A Program of The Actuarial Foundation. Aligned with Common Core State and NCTM Standards.
Program Home Pages
Additional Resources

What is an actuary? An actuary is an expert in statistics who works with businesses, governments, and organizations to help them plan for the future. Actuarial science is the discipline that applies math and statistical methods to assess risk.

Background photo: © Inga Nielsen/iStockphoto.

About This Lesson Plan



The Power of Probability

Lesson 2: Simple Probability and Sampling


  • Grade 7: Statistics and Probability (CCSS 7.SP.1 and 2)
  • Grades 6–8: Reason Abstractly and Quantitatively, Construct Viable Arguments, Model with Mathematics, and Look for and Make Use of Structure (CCSS MP2-4, and 7)
  • NCTM: Data Analysis and Probability


  • Students will understand that proportions can be used to make predictions about a population based on a sample;
  • Students will identify the difference between outcomes and events; and
  • Students will add the probabilities of the outcomes that are part of an event to determine the probability of an event.


Click for whiteboard-ready printables.


Introduction to Basic Probability and Sampling

1. Show a single six-sided die to the class. Ask what the possible outcomes are. Record the outcomes on the board. Ask the class to calculate the probability of each outcome as a fraction (1/6 for each). Indicate that when the probabilities of all individual outcomes are added together, the sum is 1.

2. Ask what the probability of rolling an even number is. Students should indicate that the probability is 1/2 or 50%. They may calculate this by writing the number of favorable outcomes (3) over the total number of outcomes (6) to get 3/6, which should be reduced to lowest terms (1/2). Show how they could also determine this by adding the probability of each even outcome (1/6 + 1/6 + 1/6) to arrive at 3/6 or 1/2 or 50%.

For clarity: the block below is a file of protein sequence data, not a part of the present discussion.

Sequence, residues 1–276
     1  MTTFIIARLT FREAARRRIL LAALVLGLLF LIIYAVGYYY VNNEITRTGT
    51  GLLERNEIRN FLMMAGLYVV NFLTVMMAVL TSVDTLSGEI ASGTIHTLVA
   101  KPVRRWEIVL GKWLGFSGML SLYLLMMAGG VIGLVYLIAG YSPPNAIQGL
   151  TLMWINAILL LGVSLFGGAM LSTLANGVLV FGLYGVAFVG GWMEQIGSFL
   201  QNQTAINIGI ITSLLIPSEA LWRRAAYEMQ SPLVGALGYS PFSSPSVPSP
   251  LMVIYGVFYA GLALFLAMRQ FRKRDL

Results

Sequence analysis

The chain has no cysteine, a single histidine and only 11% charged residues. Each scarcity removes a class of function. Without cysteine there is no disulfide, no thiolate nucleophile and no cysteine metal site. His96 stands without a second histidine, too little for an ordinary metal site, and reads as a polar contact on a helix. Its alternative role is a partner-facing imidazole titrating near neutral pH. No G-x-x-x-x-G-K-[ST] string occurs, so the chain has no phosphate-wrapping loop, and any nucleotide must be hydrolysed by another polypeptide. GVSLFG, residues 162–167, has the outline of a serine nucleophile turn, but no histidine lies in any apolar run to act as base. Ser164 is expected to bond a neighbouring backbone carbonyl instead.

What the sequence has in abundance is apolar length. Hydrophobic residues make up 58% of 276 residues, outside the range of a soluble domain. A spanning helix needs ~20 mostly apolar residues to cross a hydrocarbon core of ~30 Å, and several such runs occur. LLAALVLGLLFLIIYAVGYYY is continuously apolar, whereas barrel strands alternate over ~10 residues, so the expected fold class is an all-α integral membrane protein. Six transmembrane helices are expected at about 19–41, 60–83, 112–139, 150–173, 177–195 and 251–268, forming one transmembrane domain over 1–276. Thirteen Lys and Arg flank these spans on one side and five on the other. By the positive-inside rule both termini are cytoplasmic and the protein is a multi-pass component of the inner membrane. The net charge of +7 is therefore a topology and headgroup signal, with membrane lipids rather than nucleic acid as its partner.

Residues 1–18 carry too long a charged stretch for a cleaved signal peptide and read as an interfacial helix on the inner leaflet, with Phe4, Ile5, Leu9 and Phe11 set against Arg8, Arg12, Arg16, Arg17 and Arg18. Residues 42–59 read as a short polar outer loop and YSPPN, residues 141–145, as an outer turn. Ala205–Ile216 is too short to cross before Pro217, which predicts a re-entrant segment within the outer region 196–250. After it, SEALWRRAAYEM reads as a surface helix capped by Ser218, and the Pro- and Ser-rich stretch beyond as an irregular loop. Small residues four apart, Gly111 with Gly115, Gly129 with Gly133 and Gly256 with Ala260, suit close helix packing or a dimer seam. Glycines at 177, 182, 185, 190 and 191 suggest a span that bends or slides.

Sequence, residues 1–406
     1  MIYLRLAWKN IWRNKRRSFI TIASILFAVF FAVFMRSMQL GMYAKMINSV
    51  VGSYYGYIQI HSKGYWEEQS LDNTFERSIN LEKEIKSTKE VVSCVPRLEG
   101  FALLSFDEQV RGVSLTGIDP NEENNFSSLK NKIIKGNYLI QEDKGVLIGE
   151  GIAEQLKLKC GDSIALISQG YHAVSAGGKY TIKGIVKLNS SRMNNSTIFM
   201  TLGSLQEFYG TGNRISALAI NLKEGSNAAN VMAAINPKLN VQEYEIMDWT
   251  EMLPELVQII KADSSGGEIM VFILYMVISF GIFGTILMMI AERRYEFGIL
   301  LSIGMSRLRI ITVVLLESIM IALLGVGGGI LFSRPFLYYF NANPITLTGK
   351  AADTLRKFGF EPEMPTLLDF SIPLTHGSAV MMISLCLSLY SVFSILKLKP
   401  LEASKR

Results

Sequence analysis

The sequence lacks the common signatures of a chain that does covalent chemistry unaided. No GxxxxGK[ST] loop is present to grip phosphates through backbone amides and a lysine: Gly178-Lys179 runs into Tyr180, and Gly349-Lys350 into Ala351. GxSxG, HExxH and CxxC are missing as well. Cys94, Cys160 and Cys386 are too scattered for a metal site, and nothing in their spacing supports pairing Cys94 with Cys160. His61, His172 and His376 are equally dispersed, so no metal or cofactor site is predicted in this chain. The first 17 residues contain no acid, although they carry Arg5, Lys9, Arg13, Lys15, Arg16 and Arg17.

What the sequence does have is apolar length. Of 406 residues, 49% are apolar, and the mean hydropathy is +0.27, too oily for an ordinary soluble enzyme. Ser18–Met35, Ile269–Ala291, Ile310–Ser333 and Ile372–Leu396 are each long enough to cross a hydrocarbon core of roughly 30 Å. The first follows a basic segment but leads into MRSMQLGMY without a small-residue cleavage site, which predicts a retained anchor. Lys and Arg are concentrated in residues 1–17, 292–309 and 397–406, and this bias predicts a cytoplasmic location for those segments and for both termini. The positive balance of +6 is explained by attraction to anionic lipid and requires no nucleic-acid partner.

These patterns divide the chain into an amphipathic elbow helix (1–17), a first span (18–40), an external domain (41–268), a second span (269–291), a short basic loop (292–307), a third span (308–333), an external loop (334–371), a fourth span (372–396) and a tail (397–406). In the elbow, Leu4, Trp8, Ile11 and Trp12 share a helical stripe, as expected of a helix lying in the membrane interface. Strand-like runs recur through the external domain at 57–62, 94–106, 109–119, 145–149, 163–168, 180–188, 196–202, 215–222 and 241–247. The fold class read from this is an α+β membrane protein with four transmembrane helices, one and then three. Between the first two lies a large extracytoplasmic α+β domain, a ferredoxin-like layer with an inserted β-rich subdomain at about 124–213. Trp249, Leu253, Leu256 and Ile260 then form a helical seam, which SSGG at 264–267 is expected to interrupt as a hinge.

3. Explain that the even outcomes here are 2, 4, or 6. Rolling an even number is called an event. The sum of the even outcomes equals the probability of an event. If necessary, repeat with other examples, such as the probability of rolling a number other than a 3, the probability of rolling a number less than 3, etc. 

4. Guided Practice: Individually or in pairs, ask students to calculate the following probabilities when rolling a six-sided die:

  • Rolling a number more than four (2/6 or 1/3. 5 and 6 are the favorable outcomes)
  • Rolling any number but 2 (5/6. 1, 3, 4, 5, and 6 are the favorable outcomes)

Also, ask students to evaluate the following statement: Janet said she was 110% sure she aced the last math test. For both problems, students should share answers and explain their thinking to the class.

 5. Independent Practice: Distribute Worksheet 2 and calculators. Read the introduction and review the facts with the class. Ask students to complete the worksheet. Explain that the bonus question requires them to apply what they learned about probability in Lesson 1.

Check for Understanding: Review answers as a class. Make sure that the review includes a discussion of how proportions are used to make predictions about the population as a whole by using the results of a poll of a sample of the total customer base (e.g., 12/2,000 = x/50,000) and the validity of doing so. Worksheet Answer Key (PDF)

Have students use the Online Probability Challenge to practice using probability skills for real-life purposes. This interactive online activity challenges students to use probability to help Rick and Athena plan a summer concert tour. This activity can be used as an in-class lesson activity or an out-of-the-classroom extension.

Help | Privacy Policy




(Separate multiple email addresses with commas)

Check this box to send yourself a copy of the email.


Scholastic respects your privacy. We do not retain or distribute lists of email addresses.